Friday, November 03, 2006


(News-Herald, November 2) I still have to make some election decisions. Hutchison vs Hutchinson contest—I know both the candidates and they’re both good guys. I also struggle with the Swann-Rendel contest. I don’t know either one of those guys, but I don’t like either one.
But when it comes to national races, I know what I’m doing. And since everybody else is telling you how they’re voting, and why, I might as well join the party. At least I’m doing it here in print, instead of calling you with one more recorded message. If you’d rather, you can stop reading now, and I’ll see you next week, with something non-political.
My own voting history is splotchy. I registered independent for years, until I realized that, locally, primaries are the main event. So I registered Democrat, on the theory that my vote would have more weight in the tiny crowd of Venangoland Dems.
I never vote straight party. The two political parties are a shameful mess, stumbling dinosaurs who have outlived their value. And they know it, too—that’s why they spent the last decades rewriting election laws to make it harder for any third parties to crack the Dempublican monopoly.
I like strong effective local government, and I prefer the feds be as ineffective as possible.
For that reason, I don’t like entrenched power. Years ago I was happy to help chase the Democrats out of power; they were fat, happy and out of touch. And I think we’ve come back to that place.
These guys just don’t care.
This is what I hate worst about the partisanship in DC. Not the struggle strictly along party lines, but what ignorance it indicates. These guys battle as if what happens in Congress is personal, only about them, as if they and their opponents are the only people in the room. Their first loyalty is to their party, not the people who elected them. And they dismiss the opposition as if those guys did not represent citizens back home.
This Republican administration has grasped one of the important lessons of the previous leaders—it doesn’t matter what you do, only what you say. As long as you say what people want you to say, you can go ahead and do whatever you want.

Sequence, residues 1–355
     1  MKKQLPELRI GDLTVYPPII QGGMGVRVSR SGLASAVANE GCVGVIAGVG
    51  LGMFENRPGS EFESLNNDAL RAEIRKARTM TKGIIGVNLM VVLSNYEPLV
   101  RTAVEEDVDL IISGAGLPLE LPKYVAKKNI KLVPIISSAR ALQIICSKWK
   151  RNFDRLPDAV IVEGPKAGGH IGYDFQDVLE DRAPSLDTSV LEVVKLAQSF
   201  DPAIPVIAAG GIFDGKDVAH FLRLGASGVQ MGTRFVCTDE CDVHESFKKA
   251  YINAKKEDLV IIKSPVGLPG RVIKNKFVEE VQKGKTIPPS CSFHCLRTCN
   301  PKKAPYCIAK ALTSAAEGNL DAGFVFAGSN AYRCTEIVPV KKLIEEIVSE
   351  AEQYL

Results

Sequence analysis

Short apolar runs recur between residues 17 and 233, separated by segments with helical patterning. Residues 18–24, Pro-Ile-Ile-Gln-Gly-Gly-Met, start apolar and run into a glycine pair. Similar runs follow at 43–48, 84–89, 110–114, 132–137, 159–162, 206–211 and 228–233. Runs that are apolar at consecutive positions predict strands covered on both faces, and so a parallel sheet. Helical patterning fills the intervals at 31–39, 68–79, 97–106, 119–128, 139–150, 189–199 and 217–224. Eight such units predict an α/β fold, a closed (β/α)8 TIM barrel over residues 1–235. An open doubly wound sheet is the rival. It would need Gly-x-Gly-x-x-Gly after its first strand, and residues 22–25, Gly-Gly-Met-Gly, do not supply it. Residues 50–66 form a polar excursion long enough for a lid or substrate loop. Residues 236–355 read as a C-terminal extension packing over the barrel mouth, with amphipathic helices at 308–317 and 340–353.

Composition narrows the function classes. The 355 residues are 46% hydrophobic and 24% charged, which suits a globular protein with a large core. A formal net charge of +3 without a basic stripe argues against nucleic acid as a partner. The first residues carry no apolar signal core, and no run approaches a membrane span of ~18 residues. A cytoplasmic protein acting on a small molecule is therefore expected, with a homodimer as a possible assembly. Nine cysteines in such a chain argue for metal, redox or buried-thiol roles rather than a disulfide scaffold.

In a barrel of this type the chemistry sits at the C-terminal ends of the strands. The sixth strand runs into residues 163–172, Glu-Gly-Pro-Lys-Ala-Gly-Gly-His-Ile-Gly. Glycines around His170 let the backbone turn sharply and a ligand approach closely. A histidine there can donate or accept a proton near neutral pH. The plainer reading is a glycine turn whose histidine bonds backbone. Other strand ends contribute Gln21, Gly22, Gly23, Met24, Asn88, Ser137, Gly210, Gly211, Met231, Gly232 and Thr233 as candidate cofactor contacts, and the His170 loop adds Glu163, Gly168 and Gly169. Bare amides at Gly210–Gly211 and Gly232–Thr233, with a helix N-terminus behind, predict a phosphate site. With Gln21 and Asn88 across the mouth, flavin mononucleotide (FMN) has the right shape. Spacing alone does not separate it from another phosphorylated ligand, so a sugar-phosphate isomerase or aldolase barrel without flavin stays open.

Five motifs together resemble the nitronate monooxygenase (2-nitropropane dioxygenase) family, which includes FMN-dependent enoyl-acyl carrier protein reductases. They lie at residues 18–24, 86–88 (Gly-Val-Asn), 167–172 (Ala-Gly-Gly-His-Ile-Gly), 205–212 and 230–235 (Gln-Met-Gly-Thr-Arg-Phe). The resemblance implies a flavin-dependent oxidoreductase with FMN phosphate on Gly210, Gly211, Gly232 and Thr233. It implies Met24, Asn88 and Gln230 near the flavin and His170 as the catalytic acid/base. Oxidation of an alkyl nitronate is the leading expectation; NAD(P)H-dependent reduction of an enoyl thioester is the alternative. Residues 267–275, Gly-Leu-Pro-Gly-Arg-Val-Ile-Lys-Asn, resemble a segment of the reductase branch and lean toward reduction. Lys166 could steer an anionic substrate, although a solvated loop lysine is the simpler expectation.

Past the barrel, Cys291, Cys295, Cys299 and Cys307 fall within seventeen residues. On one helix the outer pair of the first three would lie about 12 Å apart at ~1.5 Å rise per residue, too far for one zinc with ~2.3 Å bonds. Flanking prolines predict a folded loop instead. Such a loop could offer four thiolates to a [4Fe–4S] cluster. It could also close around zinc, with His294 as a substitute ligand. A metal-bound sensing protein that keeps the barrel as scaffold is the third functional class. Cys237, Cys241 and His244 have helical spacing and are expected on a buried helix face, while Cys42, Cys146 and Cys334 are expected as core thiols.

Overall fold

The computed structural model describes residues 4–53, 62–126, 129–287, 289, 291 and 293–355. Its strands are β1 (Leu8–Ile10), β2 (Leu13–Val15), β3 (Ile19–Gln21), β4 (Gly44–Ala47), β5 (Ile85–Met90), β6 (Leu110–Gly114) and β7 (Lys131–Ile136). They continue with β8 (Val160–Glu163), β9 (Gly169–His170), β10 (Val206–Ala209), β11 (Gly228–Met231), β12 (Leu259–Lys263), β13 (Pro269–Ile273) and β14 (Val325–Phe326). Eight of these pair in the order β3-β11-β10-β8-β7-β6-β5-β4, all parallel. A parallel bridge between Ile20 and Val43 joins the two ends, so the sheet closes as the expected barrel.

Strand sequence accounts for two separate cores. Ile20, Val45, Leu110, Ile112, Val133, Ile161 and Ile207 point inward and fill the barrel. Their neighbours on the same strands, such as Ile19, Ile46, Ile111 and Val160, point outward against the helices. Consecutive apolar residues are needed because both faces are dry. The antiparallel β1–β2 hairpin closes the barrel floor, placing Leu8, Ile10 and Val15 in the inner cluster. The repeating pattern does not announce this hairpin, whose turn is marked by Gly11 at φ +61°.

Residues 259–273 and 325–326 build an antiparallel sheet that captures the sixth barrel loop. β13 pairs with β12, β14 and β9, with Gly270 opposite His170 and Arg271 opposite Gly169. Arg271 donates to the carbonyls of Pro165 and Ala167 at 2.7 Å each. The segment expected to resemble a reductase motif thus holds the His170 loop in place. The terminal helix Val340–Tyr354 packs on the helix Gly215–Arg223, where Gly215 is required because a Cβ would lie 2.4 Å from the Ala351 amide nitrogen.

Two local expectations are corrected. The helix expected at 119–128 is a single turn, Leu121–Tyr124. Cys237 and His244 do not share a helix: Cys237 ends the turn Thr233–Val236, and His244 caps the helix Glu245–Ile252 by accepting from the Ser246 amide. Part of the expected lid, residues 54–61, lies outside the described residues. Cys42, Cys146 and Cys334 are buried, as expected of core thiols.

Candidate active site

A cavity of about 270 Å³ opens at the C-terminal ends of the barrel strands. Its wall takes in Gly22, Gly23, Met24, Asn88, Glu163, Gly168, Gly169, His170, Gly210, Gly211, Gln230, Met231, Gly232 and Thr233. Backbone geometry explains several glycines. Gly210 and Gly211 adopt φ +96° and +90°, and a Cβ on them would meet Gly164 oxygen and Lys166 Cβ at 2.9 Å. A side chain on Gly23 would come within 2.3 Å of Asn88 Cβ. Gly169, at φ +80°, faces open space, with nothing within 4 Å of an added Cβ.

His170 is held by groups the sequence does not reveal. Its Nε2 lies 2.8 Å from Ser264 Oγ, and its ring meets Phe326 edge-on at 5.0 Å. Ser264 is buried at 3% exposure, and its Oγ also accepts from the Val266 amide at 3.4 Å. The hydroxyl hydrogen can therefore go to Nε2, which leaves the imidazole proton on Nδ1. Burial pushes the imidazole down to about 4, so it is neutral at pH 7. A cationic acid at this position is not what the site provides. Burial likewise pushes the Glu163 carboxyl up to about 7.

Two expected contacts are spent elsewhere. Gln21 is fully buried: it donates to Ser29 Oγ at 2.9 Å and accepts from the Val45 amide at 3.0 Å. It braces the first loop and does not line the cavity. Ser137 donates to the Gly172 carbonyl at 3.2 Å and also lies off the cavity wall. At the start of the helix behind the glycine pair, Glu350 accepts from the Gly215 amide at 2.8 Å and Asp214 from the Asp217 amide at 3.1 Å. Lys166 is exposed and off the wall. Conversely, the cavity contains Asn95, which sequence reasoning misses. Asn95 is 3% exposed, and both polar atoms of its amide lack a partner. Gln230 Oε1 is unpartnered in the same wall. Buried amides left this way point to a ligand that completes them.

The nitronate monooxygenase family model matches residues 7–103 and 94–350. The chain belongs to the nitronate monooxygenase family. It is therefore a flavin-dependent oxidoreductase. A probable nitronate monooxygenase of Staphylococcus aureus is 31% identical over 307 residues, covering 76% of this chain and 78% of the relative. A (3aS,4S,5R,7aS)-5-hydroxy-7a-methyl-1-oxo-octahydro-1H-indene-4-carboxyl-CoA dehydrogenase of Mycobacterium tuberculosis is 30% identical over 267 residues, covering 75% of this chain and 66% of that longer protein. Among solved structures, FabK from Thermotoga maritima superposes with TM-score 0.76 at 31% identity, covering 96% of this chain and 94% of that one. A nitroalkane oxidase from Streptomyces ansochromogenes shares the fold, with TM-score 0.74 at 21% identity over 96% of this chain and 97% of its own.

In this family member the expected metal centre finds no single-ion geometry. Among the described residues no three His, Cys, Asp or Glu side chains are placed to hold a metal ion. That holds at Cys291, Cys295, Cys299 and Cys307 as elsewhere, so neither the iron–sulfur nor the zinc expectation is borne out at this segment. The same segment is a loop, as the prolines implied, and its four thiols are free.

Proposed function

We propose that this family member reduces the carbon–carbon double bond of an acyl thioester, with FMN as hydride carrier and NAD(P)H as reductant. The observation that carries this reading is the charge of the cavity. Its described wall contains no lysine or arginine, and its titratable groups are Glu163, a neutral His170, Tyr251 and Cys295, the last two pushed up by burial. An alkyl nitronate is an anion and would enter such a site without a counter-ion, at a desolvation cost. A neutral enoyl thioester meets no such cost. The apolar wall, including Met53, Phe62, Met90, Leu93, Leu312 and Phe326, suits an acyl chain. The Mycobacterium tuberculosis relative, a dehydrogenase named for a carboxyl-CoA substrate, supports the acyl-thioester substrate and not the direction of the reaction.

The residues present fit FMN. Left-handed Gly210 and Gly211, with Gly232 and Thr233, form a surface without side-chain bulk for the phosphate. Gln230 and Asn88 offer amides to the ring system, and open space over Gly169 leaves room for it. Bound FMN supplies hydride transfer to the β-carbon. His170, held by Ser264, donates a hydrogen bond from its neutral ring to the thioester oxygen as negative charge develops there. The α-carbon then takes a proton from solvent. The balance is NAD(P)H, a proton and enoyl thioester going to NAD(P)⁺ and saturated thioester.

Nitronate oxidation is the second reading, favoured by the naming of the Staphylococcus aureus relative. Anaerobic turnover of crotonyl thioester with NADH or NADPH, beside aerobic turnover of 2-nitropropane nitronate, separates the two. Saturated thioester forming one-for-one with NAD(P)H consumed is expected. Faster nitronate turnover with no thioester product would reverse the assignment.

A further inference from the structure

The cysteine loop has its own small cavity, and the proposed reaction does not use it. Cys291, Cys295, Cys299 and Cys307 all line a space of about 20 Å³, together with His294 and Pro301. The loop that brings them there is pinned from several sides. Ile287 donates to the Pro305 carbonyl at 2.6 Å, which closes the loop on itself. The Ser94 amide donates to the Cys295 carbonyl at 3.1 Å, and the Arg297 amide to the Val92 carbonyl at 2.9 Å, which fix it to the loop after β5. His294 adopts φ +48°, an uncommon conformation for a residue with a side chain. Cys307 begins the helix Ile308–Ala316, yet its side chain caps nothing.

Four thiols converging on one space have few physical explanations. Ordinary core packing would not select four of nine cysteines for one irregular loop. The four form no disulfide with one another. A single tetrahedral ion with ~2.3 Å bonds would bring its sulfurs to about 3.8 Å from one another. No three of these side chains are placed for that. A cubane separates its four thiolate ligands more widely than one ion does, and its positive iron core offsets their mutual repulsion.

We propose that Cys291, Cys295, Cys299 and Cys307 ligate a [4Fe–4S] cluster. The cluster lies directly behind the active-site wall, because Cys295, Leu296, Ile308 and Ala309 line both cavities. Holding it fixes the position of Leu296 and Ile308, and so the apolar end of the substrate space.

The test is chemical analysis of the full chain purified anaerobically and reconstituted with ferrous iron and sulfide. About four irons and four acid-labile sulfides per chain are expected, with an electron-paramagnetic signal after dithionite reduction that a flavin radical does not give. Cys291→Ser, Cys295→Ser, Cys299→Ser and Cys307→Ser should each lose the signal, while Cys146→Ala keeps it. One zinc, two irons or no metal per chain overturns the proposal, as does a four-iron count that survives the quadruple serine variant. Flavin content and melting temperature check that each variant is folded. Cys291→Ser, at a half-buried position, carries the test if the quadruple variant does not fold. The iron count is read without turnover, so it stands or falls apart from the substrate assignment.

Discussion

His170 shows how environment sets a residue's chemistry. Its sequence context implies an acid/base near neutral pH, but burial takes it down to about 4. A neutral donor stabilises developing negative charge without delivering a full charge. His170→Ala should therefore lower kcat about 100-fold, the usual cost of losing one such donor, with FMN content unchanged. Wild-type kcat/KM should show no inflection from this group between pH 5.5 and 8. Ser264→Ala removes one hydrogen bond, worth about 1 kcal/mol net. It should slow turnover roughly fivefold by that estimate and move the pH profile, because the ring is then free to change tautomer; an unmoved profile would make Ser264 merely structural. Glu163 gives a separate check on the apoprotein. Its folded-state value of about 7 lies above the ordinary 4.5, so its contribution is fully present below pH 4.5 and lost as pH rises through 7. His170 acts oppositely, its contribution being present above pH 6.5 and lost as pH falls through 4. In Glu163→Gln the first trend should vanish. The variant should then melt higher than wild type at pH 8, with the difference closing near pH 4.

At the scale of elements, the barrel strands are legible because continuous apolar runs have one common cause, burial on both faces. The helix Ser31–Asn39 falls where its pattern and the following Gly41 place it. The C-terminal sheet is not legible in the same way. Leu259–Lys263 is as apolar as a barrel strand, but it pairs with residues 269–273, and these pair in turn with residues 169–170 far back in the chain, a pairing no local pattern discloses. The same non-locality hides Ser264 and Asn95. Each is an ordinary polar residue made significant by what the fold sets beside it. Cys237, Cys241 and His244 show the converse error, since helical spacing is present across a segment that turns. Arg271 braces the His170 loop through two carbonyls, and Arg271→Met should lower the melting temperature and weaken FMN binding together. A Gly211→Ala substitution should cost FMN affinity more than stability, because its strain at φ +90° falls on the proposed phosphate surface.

Republicans made a promise to go stamp out gay marriage and funnel money to religious groups. Then – they did nothing. And then, just a few weeks ago, Condoleeza Rice swore in new Global AIDS coordinator Mark Dybul. With Laura Bush as a witness, Dybul’s gay partner held the Bible, and Rice recognized the partner’s mother as Dybul’s “mother-in-law.”
I’m not a fan of the theo-con agenda, but I’m impressed at the brass it takes to ignore so many people who help get you elected.
But then, Congress is pretty well ignoring all of us. Accelerating a trend started Dems when they were in power, Congress discusses and debates almost no bills that come before it. Perhaps that how, here in the USA, we’ve ended up with a law that says the President can grab anyone he believes is giving aid or comfort to an enemy of the State and throw that person in a prison for as long as he wants, without a word of explanation to anyone.
It is a conservative dilemma. Conservatives would like to see fiscal responsibility in DC; conservatives would like to see a federal government that didn’t try to stick its nose into every school or bedroom in the country. When a secretary of defense takes us into war with a flawed Plan A and no Plan B, you’d like someone to hold him accountable. But what do you do—vote for a Democrat? If you can find a Democrat with anything resembling a clue, he isn’t likely to be promising to stand up for conservative values.
But if elections are good for anything, it is for reminding the bozos in DC that they are, in fact, elected. The way I see it, there are only two possible outcomes for this election.
Those in power remain in power, and they conclude that even after every kind of betrayal, failure, corruption, and lie, they really are elected for life and need never listen to regular citizens. Or a bunch are sent home, and those that remain suddenly develop a new interest in paying attention to the citizens of this country. Then, after two more years of fumbling around, we might have an election in which candidates actually listen, and we can get a Congress that is slightly less useless than this one.
Vote against the incumbents in DC? Darn right—if I could, I would vote against the whole of Congress. These guys need to go.


Dittman said...

Oh man- my wife just informed me that they do spell their names differently - egg on face and all that...nothing like the reuth to ruin a good joke...

Dittman said...

"truth" that is rather than "reuth"...I give up.

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